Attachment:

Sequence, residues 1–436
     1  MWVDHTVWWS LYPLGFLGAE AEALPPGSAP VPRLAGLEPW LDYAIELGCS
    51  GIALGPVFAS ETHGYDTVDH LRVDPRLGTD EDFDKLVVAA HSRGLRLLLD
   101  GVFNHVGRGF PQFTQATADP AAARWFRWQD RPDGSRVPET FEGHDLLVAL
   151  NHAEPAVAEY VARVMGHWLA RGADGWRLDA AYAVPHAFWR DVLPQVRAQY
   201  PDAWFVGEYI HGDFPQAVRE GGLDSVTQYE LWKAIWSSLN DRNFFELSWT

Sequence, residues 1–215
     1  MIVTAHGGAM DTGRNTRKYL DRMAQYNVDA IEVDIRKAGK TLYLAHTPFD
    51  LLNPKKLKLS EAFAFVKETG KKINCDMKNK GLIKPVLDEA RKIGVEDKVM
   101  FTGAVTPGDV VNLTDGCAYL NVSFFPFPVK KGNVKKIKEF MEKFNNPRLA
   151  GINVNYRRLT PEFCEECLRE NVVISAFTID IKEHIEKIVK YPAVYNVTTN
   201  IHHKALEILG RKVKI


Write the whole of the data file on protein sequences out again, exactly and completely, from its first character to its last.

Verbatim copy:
Sequence, residues 1–436
     1  MWVDHTVWWS LYPLGFLGAE AEALPPGSAP VPRLAGLEPW LDYAIELGCS
    51  GIALGPVFAS ETHGYDTVDH LRVDPRLGTD EDFDKLVVAA HSRGLRLLLD
   101  GVFNHVGRGF PQFTQATADP AAARWFRWQD RPDGSRVPET FEGHDLLVAL
   151  NHAEPAVAEY VARVMGHWLA RGADGWRLDA AYAVPHAFWR DVLPQVRAQY
   201  PDAWFVGEYI HGDFPQAVRE GGLDSVTQYE LWKAIWSSLN DRNFFELSWT

Sequence, residues 1–215
     1  MIVTAHGGAM DTGRNTRKYL DRMAQYNVDA IEVDIRKAGK TLYLAHTPFD
    51  LLNPKKLKLS EAFAFVKETG KKINCDMKNK GLIKPVLDEA RKIGVEDKVM
   101  FTGAVTPGDV VNLTDGCAYL NVSFFPFPVK KGNVKKIKEF MEKFNNPRLA
   151  GINVNYRRLT PEFCEECLRE NVVISAFTID IKEHIEKIVK YPAVYNVTTN
   201  IHHKALEILG RKVKI